Sep 21, 2017
Christchurch city councillors have ended a long running battle over 500 metres of cycle path on Ferry Rd, choosing an option that retains parking spaces for local businesses and a church.
But the option is the least safe of the three proposed plans for the stretch of Ferry Rd, with one cycling advocate claiming the local businesses "held the city to ransom".
Councillors amended the option, calling for staff to provide separation between cyclists and pedestrians at busy spots, maximise set backs at driveways, focus on priority and safety for cyclists at all intersections between Fitzgerald and Moorhouse Aves and increase the "buffer zone" between parked cars and the cycleway. The councillors on the infrastructure, transport and environment committee voted unanimously for the compromise option.
he original plan for the small stretch of the cycleway on Ferry Rd between Fitzgerald Ave and Wilsons Rd would have removed all but 10 of the 70 parking spaces, but the compromise plan retains 53 parking spaces. Local businesses and the Grace Vineyard church were concerned the original plan would adversely affect them.
The original plan proposed a dedicated lane for cyclists on both sides of Ferry Rd, but the compromise plan features wider footpaths on either side of Ferry Road to create a shared route for cyclists and pedestrians.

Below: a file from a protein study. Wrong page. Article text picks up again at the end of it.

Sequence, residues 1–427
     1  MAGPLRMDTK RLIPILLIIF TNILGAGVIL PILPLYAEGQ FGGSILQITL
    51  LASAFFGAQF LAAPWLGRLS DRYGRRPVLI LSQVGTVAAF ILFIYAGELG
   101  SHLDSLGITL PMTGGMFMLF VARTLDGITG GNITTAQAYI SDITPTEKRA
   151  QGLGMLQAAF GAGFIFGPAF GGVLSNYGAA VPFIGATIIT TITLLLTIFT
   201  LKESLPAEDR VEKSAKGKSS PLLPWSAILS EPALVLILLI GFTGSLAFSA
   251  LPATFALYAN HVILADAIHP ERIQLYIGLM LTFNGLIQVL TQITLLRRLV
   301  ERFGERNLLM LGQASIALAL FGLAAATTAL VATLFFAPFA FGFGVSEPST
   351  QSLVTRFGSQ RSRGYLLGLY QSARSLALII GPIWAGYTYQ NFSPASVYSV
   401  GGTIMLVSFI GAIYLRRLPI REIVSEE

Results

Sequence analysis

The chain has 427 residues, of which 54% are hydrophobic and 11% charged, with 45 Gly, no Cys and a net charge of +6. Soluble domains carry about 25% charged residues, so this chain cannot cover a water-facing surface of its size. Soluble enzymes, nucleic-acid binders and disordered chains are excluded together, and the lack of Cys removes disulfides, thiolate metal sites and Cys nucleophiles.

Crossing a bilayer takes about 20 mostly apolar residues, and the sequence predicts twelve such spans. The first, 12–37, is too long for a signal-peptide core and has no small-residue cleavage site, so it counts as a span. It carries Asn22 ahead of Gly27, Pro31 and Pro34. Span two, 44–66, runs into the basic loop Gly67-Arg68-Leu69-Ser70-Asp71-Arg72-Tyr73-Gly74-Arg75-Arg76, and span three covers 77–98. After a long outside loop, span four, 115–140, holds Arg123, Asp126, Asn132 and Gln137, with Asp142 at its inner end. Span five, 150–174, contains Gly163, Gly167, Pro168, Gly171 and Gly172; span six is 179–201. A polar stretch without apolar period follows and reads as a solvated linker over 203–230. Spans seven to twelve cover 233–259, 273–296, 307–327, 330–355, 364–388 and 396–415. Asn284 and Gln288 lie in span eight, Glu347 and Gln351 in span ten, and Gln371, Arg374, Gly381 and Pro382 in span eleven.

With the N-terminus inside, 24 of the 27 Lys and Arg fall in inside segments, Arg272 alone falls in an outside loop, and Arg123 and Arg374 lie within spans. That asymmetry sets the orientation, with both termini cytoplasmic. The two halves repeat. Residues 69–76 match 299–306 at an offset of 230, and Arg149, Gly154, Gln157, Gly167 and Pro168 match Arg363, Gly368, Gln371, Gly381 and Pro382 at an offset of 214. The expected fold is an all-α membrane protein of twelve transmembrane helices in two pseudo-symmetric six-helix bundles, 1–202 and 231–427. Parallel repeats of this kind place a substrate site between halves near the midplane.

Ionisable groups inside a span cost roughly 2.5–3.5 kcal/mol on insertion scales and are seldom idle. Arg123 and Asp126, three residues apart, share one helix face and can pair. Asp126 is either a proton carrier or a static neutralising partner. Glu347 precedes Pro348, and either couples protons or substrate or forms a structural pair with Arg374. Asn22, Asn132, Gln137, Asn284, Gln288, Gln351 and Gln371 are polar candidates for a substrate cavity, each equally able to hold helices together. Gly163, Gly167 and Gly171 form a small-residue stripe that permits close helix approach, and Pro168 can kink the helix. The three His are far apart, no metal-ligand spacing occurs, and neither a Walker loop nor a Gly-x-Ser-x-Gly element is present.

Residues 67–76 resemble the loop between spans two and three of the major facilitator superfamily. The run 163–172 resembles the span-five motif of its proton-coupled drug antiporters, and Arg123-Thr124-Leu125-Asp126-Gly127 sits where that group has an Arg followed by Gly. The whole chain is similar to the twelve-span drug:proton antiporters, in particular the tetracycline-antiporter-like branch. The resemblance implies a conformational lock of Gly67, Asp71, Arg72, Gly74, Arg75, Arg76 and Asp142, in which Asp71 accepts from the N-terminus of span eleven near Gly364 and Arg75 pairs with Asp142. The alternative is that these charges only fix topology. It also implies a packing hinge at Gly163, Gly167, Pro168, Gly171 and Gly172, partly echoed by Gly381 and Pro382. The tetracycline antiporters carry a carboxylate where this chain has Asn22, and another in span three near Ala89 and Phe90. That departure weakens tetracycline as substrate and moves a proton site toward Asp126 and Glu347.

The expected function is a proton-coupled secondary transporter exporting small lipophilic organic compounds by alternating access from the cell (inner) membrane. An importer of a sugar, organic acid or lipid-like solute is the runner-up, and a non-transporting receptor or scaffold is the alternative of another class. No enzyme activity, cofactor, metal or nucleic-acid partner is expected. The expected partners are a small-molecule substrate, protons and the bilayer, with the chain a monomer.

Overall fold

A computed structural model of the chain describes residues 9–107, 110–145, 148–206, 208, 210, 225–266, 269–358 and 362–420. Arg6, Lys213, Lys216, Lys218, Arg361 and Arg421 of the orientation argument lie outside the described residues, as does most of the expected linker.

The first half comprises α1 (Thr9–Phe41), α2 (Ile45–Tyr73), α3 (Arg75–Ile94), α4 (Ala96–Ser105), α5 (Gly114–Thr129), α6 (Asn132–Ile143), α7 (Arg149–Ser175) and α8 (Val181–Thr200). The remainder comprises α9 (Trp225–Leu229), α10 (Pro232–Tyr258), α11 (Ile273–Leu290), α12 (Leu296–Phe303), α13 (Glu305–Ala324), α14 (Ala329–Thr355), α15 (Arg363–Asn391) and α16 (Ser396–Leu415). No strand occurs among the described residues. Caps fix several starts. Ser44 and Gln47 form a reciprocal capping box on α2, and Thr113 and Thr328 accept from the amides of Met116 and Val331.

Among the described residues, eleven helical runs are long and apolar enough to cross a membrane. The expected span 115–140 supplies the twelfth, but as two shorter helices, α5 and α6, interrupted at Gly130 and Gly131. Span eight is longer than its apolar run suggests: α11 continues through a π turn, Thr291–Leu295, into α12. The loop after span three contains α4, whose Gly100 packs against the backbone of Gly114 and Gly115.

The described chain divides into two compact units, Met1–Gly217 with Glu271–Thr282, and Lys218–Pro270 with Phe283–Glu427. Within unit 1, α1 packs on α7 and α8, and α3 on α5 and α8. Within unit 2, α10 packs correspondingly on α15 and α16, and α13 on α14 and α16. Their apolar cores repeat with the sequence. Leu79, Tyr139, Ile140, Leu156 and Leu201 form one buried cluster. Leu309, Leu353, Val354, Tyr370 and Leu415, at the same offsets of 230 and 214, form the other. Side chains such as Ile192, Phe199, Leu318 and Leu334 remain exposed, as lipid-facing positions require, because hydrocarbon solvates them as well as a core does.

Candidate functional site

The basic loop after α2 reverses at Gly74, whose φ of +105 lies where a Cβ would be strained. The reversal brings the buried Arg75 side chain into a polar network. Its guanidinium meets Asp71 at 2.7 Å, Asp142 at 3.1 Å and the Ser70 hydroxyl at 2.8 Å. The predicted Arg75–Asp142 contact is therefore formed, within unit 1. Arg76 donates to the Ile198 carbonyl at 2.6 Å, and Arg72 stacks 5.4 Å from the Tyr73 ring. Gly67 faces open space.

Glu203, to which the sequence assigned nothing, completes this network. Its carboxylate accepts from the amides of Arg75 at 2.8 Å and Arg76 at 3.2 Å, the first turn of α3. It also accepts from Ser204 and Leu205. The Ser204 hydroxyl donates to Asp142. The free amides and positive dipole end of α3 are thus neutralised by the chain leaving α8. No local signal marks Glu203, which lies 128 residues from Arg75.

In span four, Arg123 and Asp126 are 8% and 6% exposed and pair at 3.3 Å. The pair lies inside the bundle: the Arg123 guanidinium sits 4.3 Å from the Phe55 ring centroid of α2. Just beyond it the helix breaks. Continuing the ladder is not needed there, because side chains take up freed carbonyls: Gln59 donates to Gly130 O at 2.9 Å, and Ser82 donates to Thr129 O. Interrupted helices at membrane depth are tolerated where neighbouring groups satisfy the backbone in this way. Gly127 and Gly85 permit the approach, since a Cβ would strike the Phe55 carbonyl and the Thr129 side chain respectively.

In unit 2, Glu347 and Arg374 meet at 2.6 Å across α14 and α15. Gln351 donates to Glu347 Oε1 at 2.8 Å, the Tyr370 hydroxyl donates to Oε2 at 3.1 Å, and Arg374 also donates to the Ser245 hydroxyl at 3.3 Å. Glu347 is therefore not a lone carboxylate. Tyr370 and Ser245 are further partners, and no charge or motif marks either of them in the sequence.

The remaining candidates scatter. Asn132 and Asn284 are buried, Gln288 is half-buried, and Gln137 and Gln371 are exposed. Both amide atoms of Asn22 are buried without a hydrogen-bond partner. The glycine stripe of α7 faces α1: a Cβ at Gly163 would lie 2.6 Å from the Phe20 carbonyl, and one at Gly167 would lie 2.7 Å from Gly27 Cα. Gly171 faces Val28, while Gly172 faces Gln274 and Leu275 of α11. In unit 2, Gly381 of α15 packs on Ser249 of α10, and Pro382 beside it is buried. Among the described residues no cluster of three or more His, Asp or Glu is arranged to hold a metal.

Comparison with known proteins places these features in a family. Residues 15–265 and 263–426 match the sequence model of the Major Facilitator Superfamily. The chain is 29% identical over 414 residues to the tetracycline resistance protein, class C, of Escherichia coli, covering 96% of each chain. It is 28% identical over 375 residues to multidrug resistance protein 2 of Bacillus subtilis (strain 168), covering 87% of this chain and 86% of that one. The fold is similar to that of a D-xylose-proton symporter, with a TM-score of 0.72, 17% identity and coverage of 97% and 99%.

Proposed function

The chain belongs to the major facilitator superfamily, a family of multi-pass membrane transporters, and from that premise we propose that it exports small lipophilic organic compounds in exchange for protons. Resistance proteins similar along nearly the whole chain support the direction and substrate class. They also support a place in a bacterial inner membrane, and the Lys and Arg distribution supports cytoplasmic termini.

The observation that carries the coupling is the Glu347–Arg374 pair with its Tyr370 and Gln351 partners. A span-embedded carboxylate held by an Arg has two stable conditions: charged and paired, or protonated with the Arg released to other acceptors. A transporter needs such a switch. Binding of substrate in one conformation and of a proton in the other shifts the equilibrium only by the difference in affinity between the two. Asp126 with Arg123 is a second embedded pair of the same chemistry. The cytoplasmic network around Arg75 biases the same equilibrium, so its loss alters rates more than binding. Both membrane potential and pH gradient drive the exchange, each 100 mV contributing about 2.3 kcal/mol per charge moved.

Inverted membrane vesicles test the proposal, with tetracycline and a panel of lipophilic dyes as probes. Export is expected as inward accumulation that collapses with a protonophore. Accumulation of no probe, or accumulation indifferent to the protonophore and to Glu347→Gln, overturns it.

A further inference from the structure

Cycling advocate Don Babe said the original option would have been much safer for cyclists.
"We can't see why the whole city should be held ransom by one church and three or four businesses."
Cyclists would have to stop at intersections, as vehicles turning off Ferry Rd would have right of way, he said.
It is possible it could cause accidents because it is hard to look behind you to see if someone is turning into a street you are coming towards."
Babe was relaxed about sharing the path with pedestrians.
Traffic engineering consultant Ray Edwards, who represents the Ferry Rd Business Owners Group, was pleased with the decision.
"It is the best compromise solution," he said.
"The original proposal removed all the car parks. It was a ridiculous solution because it massively favoured priority for cyclists at a significant disadvantage to local business. It was not a surprise that local businesses strongly opposed it."
Pastor David MacGregor, of Grace Vineyard Church, thanked councillors for choosing the compromise option.
"I feel slightly emotional. Thank you so much. I am really grateful for you guys listening to us.
"I am so grateful that you have compromised. It means so much to us. It would have really hurt us if they had done that."
Councillor Sara Templeton said local businesses did not need to be scared of new cycle lanes.
"It is really difficult to retrofit major cycle ways into existing infrastructure with existing businesses who are scared of a change, but they do not need to be scared.
"We will look back and wonder why the transition was so hard."
Councillor Aaron Keown said compromise was required for the cycle lanes.
"If we keep battling communities we won't have them on board and having them on board is a key part of changing these cycleways."
Councillor Pauline Cotter said it had been a "long journey" to a decision on the cycle lane.
"We have had to carefully balance and compromise because we want the best for everyone."